This week, the The Royal Swedish Academy of Sciences awarded the Nobel Prize in Chemistry 2020 to two women scientists – the first time in history two women have shared the prize…

The scientists will get an equal share of 10 million Swedish kronor (around R18,7m).

According to the Academy, “Emmanuelle Charpentier and Jennifer A. Doudna have discovered one of gene technology’s sharpest tools: the CRISPR/Cas9 genetic scissors.”

The ‘scissors’ allow researchers to “change the DNA of animals, plants and microorganisms with extremely high precision.”

Cancer therapy & curing inherited diseases

The ground-breaking technology has wide-ranging applications, including contributing towards cancer therapies.

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The scientists are also developing methods for repairing genes in large organs, such as the brain and muscles.

“Animal experiments have shown that specially designed viruses can deliver the genetic scissors to the desired cells, treating models of devastating inherited diseases such as muscular dystrophy, spinal muscular atrophy and Huntington’s disease. However, the technology needs further refinement before it can be tested on humans.

“It may make the dream of curing inherited diseases come true,” said the Academy.

As so often in science, the discovery of these genetic scissors was unexpected

During Emmanuelle Charpentier’s studies of Streptococcus pyogenes, one of the bacteria that cause the most harm to humanity, she discovered a previously unknown molecule, tracrRNA.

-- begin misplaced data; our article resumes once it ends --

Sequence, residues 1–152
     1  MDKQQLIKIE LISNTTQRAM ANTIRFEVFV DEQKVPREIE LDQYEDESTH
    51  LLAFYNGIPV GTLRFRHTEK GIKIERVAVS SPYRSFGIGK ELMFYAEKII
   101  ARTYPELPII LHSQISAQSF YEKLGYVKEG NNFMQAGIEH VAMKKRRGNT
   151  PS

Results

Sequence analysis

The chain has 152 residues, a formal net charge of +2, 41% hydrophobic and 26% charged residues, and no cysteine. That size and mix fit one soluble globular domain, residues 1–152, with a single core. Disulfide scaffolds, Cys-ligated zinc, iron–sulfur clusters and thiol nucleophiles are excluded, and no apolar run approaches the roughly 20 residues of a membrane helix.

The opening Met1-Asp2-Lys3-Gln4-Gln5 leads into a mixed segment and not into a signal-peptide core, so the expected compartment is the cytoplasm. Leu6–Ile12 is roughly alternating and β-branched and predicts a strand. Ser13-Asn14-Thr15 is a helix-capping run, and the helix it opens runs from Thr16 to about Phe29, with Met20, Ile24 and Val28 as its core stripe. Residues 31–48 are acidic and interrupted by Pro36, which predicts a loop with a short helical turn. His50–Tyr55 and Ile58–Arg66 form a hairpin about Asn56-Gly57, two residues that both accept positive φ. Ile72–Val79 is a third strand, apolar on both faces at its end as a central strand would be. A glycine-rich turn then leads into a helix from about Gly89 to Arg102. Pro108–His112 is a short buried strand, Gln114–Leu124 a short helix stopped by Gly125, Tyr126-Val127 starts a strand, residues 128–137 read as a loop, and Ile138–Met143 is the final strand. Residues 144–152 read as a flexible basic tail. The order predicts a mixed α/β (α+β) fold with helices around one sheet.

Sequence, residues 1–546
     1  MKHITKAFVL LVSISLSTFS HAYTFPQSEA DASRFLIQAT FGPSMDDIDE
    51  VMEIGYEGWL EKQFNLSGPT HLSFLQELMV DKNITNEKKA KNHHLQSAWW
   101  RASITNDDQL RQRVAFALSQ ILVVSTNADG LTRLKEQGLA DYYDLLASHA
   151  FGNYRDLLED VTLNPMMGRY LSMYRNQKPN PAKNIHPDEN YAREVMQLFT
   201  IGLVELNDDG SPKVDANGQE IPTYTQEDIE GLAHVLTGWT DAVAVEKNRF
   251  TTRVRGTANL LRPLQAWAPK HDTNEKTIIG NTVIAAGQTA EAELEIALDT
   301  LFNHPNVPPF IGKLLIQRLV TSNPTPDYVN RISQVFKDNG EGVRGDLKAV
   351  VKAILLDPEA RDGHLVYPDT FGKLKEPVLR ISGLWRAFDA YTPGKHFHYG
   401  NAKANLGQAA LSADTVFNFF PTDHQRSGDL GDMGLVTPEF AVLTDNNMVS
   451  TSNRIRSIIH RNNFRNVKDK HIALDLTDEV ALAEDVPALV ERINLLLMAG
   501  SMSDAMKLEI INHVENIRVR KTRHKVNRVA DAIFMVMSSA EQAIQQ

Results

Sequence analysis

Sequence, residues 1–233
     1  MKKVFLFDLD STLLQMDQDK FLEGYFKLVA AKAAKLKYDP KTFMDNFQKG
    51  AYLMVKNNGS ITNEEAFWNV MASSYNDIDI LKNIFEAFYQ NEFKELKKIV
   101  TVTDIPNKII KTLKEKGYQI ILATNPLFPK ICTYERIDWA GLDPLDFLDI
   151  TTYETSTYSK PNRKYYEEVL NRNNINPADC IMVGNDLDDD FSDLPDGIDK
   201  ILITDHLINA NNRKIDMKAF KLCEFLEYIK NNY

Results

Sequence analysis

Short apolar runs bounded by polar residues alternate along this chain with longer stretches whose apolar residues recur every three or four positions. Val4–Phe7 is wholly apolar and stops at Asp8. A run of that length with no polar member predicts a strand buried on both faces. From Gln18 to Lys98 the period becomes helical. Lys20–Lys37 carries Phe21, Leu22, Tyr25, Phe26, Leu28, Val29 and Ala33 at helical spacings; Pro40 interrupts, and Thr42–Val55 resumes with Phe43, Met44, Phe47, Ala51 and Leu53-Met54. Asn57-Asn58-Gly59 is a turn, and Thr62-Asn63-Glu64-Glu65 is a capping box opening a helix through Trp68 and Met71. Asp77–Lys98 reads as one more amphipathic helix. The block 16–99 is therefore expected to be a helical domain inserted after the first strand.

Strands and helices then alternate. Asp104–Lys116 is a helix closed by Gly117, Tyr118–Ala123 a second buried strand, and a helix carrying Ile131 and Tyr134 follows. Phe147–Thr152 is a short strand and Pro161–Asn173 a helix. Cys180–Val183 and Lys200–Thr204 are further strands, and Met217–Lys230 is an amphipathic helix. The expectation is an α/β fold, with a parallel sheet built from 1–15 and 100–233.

Her work showed that tracrRNA is part of bacteria’s ancient immune system, CRISPR/Cas, that disarms viruses by cleaving their DNA. Charpentier published her discovery in 2011.

The same year, she initiated a collaboration with Jennifer Doudna, an experienced biochemist with vast knowledge of RNA. Together, they succeeded in recreating the bacteria’s genetic scissors in a test tube and simplifying the scissors’ molecular components so they were easier to use.

The pair met by chance at a café during a conference. After chatting about their work, they decided to explore the option of a collaboration.

Scissors ‘reprogrammed’

The scientists worked together on reprogramming the genetic scissors. In their natural form, the scissors recognise DNA from viruses, but Charpentier and Doudna proved that they could be controlled so that they can cut any DNA molecule at a predetermined site. Where the DNA is cut it is then easy to rewrite the code of life.